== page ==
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The publisher of GQ magazine has been found guilty of contempt of court over a “very seriously prejudicial” article about the phone-hacking trial of Rebekah Brooks and Andy Coulson.
Condé Nast, the US publisher behind the magazine, was accused of publishing an article last year that could have “seriously impeded or prejudiced” the Old Bailey trial.
The article by the US journalist Michael Wolff, published during the trial last April, contained allegations that Rupert Murdoch, the owner of the now-defunct News of the World, was implicated in phone hacking, the high court in London was told.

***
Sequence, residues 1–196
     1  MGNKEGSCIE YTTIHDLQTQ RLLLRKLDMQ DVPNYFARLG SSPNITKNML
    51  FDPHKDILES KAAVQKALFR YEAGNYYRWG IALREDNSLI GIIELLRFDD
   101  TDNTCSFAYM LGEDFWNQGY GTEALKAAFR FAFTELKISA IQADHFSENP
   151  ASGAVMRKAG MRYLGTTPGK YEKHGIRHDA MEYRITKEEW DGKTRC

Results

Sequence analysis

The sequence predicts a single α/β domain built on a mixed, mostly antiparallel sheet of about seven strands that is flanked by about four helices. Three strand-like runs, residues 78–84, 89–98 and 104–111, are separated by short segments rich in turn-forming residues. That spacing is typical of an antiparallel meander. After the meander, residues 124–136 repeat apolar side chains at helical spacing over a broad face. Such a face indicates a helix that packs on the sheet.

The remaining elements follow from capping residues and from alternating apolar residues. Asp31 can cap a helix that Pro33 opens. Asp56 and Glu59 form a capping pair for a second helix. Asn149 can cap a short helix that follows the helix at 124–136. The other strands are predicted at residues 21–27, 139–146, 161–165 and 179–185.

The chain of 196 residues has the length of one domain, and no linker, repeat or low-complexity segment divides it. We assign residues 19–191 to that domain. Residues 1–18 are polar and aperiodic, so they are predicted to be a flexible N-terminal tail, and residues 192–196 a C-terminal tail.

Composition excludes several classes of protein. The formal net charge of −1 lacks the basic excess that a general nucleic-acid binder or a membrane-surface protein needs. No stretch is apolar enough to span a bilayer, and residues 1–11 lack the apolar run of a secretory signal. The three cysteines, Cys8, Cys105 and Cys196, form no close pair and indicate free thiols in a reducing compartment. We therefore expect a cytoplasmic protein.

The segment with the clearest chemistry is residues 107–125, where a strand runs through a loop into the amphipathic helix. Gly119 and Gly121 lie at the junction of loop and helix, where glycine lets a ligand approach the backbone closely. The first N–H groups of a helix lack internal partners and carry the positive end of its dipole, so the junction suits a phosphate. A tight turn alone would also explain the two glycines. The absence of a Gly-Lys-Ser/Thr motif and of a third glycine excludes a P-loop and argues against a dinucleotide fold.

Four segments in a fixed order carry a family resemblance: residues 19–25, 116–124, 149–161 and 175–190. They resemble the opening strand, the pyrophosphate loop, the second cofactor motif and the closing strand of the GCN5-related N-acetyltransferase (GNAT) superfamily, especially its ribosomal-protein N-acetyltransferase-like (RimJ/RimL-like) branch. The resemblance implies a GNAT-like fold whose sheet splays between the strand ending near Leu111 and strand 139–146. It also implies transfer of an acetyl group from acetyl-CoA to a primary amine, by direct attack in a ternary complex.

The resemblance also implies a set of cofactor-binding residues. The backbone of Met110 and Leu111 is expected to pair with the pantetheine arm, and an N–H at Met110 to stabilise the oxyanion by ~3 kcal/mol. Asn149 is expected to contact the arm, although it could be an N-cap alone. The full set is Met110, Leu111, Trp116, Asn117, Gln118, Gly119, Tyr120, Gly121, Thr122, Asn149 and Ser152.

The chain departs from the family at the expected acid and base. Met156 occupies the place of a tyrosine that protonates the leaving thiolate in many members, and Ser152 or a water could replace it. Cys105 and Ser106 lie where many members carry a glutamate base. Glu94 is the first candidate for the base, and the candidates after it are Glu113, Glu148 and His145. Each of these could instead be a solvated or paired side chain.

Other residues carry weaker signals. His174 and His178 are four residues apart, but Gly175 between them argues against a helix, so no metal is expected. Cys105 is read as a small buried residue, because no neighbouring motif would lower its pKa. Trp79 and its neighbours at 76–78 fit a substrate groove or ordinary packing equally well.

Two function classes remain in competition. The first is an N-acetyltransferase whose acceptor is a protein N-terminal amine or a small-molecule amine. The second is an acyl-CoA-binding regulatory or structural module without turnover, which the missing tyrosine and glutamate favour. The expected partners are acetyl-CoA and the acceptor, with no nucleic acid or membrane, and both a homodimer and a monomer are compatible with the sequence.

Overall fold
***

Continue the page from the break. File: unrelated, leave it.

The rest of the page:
The feature also included claims that had not been put before the trial jury, including that Brooks had received a £10.8m settlement from Murdoch.
Condé Nast is facing a large fine after the judges – the lord chief justice, John Thomas of Cwmgiedd, and Mrs Justice Nicola Davies – ruled that the article clearly created “a substantial risk” that the trial of Brooks, Coulson and other employees of the newspaper “would be seriously impeded or prejudiced”.